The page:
1920-S Saint Gaudens $20 one of the few to escape melting pot

Market Analysis: Rare gold offered after Pogue IV at Stack’s Bowers Galleries May 25 sale
By , Coin World
Published : 06/08/16
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Stack’s Bowers Galleries and Sotheby’s hosted their Rarities Auction on May 25 in New York City after the Pogue IV auction the prior night. The second sale realized $1,893,688.75. It offered bidders a wide range of important issues including a key group of foreign gold coins counterstamped by New York goldsmiths Ephraim Brasher and John Burger that are popular with collectors seeking examples of gold coins that circulated in Colonial America.

The Coin:

1920-S Saint-Gaudens $20 double eagle, AU-58+, CAC

The Price:


The Story:

The 1920-S Saint-Gaudens $20 double eagle was widely melted by the government, making surviving examples scarce. Of a mintage of 558,000 pieces, few circulated and today perhaps 100 to 150 survive in all grades.

At About Uncirculated 58+ with a green Certified Acceptance Corp. sticker, this example is as close to Mint State as one will find short of a Mint State 60 or finer grade, with only a touch of rub on Liberty’s leg and the fields keeping it from Uncirculated status.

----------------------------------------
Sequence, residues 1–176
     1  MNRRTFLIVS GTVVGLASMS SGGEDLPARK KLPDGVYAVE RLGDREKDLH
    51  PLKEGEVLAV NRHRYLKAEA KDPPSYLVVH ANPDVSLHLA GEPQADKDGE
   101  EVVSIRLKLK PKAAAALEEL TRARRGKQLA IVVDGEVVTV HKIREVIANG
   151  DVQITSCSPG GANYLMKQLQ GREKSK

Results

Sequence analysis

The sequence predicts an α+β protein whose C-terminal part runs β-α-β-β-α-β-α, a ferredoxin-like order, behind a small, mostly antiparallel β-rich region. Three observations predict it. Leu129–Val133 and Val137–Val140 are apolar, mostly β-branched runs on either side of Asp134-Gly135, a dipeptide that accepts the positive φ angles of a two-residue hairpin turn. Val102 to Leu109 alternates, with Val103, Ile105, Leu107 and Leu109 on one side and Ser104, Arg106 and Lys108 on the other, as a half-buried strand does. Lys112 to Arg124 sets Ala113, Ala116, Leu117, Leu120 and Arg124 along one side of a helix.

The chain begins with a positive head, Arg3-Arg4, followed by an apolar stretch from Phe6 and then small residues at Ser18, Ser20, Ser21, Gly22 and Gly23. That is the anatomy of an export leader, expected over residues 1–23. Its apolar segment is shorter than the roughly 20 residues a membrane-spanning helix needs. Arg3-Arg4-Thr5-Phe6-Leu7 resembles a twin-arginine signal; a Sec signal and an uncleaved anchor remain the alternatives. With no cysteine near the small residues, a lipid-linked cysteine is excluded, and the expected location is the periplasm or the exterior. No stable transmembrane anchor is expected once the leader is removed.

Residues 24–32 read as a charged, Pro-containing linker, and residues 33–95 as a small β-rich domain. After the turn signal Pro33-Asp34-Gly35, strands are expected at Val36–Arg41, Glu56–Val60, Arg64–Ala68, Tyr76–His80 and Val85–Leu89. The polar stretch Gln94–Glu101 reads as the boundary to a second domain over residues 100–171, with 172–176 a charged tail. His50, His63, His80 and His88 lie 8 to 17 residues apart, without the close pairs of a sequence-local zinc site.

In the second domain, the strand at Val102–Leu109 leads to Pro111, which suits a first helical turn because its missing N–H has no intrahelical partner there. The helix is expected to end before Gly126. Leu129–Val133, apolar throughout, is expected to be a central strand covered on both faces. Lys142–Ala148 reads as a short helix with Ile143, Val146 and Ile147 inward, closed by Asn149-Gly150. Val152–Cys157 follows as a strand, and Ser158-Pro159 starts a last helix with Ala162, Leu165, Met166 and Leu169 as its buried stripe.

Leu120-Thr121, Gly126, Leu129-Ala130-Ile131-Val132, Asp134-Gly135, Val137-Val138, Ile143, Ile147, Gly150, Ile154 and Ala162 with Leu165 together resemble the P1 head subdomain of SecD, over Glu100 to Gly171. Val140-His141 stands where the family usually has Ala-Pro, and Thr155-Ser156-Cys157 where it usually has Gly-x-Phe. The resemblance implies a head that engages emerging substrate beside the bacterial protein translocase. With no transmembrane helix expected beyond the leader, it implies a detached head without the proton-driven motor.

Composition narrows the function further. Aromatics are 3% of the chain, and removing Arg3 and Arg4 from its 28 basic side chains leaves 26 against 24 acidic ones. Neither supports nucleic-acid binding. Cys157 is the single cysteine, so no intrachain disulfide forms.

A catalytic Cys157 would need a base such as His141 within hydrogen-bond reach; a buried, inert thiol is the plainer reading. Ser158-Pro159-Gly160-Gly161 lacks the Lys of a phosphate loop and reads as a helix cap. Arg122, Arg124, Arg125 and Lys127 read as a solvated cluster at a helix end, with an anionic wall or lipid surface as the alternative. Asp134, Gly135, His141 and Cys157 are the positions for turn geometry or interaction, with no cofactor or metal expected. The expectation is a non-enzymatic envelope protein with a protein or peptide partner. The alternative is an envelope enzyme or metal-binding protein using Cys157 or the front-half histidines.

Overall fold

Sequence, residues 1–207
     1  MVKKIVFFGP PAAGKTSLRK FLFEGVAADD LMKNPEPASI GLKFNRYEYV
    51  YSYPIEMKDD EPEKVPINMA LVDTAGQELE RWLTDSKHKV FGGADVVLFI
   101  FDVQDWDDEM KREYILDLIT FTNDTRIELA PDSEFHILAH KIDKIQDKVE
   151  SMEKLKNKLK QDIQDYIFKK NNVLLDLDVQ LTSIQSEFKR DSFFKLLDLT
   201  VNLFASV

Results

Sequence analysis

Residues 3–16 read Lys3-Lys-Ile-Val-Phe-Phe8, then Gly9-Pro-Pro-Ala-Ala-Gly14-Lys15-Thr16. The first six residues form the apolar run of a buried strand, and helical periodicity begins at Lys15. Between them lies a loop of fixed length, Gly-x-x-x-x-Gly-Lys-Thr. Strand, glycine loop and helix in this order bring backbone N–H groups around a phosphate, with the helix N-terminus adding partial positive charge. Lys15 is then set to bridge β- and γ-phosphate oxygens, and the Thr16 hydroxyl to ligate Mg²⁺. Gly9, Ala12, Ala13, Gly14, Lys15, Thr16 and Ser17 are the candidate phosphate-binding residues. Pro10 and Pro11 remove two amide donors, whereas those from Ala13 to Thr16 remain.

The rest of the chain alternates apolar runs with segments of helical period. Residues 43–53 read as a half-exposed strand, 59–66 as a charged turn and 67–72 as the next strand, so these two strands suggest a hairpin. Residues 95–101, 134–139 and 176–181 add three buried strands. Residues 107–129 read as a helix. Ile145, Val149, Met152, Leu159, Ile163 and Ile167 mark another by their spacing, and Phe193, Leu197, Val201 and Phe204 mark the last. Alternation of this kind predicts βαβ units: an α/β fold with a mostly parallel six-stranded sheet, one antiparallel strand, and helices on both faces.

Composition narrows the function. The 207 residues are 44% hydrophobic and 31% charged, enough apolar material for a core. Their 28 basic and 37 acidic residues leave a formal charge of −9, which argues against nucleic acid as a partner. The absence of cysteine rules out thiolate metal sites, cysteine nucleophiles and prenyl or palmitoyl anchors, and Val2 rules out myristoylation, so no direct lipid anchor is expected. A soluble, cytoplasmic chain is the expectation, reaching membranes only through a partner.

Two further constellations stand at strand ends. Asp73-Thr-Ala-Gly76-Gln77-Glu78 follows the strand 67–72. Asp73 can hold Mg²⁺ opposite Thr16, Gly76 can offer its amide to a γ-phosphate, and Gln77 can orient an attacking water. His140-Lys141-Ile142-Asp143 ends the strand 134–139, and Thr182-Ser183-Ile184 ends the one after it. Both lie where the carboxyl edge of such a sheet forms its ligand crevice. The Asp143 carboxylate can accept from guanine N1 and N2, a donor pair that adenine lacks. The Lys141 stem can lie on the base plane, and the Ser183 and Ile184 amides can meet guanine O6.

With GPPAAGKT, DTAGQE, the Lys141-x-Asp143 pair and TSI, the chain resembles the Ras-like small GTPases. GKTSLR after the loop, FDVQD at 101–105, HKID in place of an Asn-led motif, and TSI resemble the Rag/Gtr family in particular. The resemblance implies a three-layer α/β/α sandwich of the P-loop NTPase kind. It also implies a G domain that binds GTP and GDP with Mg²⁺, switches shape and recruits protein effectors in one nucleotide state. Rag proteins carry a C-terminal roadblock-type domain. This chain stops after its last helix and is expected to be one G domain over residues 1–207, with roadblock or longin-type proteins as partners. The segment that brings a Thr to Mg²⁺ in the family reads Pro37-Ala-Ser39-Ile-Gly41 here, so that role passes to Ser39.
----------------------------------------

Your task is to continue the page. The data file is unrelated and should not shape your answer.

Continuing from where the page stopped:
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Among collectible Saint-Gaudens double eagles, only the 1921, 1927-D, and 1930-S coins are rarer. Of course the famed 1933 double eagle, of which one is known in collector hands outside of two housed in the Smithsonian Institution and 10 that are currently the subject of litigation, is considered noncollectible.

Described as “richly original in reddish-khaki patina,” and with both sides “sharply defined with virtually complete luster,” this 1920-S double eagle sold for $44,650.

Keep reading this Market Analysis:

'Double joe' 12,800-real counterstamped $16 coin tops $100,000

Puzzling 1866 Coronet $2.50 pattern realizes $23,500 at Rarities Auction

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